At 30 day follow up, there were no new onset type I or III endoleaks, and a type II endoleak was present in 18 patients. A lumbar and an inferior mesenteric artery (IMA) type II endoleak was seen in seven and eight patients, respectively. Three patients had a combined type II endoleak of the IMA and lumbar artery. One patient had a decline in renal function that fully recovered within one month. This patient had also a permanent weakness of the left leg after the procedure that might have been related to neural ischaemia. This patient was treated with a left sided Gore Excluder IBE in combination with an Excluder of which the hypogastric branch was occluded at 12 month follow up, but patent at earlier time points. There were no patients with colonic ischaemia. One patient had compression of the bridging EVAR stent in the distal aorta caused by competition of the contralateral leg and was treated with balloon angioplasty. Another patient suffered from a new onset type B aortic dissection 15 days after the procedure. The 30 day endoleak and complication rate was 18% (18 patients) and 4% (three patients). There were no 30 day deaths.
      At 12 months, there were no new type I endoleaks. A persistent type II endoleak was present in 15 patients. All patients with a type II endoleak were treated with both a Gore Excluder IBE and Gore Excluder Endoprosthesis. Median aortic aneurysm diameters were 48.0 (IQR 31.5 – 53.5) and 26.5 (IQR 30.0 – 54.0) for baseline and 12 months, respectively, p = .51. Median CIA aneurysm diameters were 35.0 (IQR 33.0 – 42.5) and 30.5 (IQR 27.0 – 40.0) for baseline and 12 months, respectively, p = .14. One patient developed a type III endoleak three months after the procedure and was treated with an iliac extension between the main body and bridging stent. The patient that was treated with a TEVAR before the procedure, suffered from a thoracic rupture at 32 days, treated endovascularly, and developed permanent renal impairment, requiring dialysis, because of occlusion of the left renal endograft. A suspected endograft infection, five months after the procedure, was successfully treated with long term antibiotics and aneurysm sac drainage. The six and 12 month endoleak rate was 18% (18 patients) and 15% (15 patients). The six and 12 month complication rate was 3% (two patients) and 0%, respectively. There were no conversions to open repair through 12 month follow up. The freedom from secondary interventions was 98% and 97% at 30 days and 12 months, respectively.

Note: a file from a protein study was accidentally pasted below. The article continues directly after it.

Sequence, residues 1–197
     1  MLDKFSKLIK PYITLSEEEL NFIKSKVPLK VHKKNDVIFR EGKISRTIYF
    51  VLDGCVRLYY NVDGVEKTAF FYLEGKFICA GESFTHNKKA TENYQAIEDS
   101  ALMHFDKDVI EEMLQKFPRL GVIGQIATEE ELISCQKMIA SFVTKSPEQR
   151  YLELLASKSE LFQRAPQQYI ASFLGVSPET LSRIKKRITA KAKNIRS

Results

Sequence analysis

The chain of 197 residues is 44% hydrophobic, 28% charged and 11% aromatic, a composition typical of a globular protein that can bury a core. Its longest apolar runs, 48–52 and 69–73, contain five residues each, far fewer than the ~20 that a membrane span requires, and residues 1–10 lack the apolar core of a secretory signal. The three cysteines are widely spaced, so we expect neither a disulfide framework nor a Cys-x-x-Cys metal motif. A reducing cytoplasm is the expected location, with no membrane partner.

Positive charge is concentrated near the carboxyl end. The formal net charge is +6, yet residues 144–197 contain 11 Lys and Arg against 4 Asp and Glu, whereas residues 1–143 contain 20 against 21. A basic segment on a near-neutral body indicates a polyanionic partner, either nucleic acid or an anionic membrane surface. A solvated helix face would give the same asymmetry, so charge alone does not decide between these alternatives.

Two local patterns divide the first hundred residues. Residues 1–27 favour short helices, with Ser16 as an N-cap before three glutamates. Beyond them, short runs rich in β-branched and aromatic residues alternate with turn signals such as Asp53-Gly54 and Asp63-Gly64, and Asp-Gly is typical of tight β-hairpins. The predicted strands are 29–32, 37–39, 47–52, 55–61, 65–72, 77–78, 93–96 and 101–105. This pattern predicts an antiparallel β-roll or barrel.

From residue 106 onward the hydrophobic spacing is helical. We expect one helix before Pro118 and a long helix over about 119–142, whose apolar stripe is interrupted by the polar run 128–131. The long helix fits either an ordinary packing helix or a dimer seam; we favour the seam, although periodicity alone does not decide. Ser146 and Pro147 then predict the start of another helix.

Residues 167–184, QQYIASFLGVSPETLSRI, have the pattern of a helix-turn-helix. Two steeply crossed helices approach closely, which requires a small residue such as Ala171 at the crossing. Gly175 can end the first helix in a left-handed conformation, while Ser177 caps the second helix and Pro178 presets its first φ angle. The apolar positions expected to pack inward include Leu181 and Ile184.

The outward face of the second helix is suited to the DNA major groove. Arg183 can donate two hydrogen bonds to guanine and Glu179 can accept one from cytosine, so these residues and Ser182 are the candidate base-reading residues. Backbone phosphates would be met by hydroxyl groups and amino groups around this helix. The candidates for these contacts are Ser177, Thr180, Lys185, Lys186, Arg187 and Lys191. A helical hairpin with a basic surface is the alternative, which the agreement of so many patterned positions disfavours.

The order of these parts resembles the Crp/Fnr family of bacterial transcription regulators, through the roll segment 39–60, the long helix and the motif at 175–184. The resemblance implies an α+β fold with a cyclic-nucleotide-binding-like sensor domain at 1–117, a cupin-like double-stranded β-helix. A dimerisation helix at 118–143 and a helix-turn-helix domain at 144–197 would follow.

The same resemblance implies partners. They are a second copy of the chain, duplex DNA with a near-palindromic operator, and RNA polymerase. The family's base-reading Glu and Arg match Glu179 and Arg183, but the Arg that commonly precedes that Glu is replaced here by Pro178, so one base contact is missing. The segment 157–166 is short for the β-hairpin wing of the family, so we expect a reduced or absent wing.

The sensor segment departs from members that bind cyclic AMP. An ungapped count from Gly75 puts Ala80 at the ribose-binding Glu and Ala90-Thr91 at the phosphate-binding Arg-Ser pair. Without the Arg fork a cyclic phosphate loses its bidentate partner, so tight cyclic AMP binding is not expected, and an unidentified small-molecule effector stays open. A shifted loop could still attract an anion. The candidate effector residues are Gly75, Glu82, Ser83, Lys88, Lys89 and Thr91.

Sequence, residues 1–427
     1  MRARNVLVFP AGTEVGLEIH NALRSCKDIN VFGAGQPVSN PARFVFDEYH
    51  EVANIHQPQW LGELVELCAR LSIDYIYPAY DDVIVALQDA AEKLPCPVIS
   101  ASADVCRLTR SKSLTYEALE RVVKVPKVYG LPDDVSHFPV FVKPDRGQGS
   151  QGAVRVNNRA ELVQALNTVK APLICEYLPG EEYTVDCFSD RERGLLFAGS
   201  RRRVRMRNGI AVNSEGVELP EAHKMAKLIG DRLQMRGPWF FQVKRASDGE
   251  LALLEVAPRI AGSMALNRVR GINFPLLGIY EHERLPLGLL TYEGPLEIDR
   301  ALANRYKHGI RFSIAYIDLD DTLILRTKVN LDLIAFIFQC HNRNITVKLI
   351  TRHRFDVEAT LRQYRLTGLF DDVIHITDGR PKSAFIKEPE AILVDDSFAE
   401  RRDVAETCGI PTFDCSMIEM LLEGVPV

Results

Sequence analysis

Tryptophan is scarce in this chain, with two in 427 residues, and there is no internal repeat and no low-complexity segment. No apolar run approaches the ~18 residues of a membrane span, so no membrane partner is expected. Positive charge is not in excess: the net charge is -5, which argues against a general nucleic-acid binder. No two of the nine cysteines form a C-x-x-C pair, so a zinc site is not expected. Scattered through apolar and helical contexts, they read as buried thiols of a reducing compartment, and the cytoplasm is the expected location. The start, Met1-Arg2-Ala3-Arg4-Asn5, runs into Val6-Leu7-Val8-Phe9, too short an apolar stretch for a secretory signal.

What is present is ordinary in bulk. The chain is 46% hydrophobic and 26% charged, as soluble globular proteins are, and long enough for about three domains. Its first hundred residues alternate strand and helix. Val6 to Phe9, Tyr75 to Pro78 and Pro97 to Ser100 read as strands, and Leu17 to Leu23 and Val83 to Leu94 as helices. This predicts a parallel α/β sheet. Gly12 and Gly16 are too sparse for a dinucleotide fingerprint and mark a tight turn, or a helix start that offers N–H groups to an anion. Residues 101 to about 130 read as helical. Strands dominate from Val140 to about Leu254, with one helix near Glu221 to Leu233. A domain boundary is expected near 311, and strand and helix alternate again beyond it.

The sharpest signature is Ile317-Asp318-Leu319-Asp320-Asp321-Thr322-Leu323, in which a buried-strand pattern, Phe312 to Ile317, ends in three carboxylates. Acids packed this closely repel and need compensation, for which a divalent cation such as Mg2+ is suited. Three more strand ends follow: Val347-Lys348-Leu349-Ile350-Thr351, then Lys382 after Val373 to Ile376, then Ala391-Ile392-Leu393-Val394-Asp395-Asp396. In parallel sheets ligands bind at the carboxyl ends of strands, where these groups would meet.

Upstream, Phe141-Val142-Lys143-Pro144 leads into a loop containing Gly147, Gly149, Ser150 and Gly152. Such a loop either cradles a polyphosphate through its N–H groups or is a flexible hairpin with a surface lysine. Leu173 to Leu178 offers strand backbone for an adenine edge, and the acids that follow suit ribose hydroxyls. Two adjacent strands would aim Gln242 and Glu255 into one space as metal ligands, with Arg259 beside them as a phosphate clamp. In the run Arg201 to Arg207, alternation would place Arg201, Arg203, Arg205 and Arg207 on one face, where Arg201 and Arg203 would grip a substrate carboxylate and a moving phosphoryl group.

At six and 12 month follow up 23.8% and 14.9% of patients were on double antiplatelet therapy, 59.5% and 69.0% on single antiplatelet therapy, and 14.3% and 17.2% on anticoagulant therapy, respectively.
      Two patients died through the 12 month follow up. The cause of death was unknown for one patient and the other died of respiratory insufficiency. The one year freedom from all cause mortality and freedom from AAA related mortality were 94.7% and 100%, respectively.

      Patency

      The primary patency of the IIA 12 months after the procedure was 91.3% (Fig. 2). The primary patency for patients inside and outside the anatomical requirements of the IFU was 91.8% and 85.7%, respectively, p = .059. Overall, there were nine occlusions and all of them were left untreated, rendering the secondary patency equal to the primary. Seven occlusions occurred within the 30 day follow up. Three of these patients had no complaints at 12 month follow up, and one patient had new bilateral buttock claudication at 12 months. At 12 month follow up another patient had ipsilateral buttock claudication and a worsened score on the IIEF-5 questionnaire, and two patients had a worsened score on the IIEF-5 questionnaire only. Since these symptoms and scores did not affect the patients’ lives all were left untreated. There were two new occlusions at 12 month follow up, both without clinical symptoms. The causes of the first seven occlusions occurring within 30 days were unknown in two patients. Probable causes of occlusion in the other patients included: kinking of the hypogastric artery in two patients, a moderate outflow in one patient, compression of the iliac component due to a stenosis of the origin of the IIA in one patient, and the last patient did not take his antiplatelet therapy. Two occlusions occurred between 30 days and 12 months and one was probably related to a clot above the IIA and the other cause was unknown.
      Figure 2
      Figure 2Cumulative Kaplan–Meier estimate of the primary patency of hypogastric component of the Gore Excluder Iliac Branch Endoprosthesis (IBE) device overall, when used according to the instructions for use (IFU), or outside the anatomical requirements of IFU.

      Aneurysm diameters

      Figure 3A shows the change in the maximum aneurysm diameter of the CIA at every follow up point, demonstrating a significant decrease of the CIA diameter of 4.5 mm (IQR −8.0 – −1.0 mm) through 12 months. Also, the diameter of the infrarenal aorta significantly decreased with 2.0 mm (IQR −8.75 – −2.0 mm) for those with an AAA at baseline (Fig. 3B) through 12 months.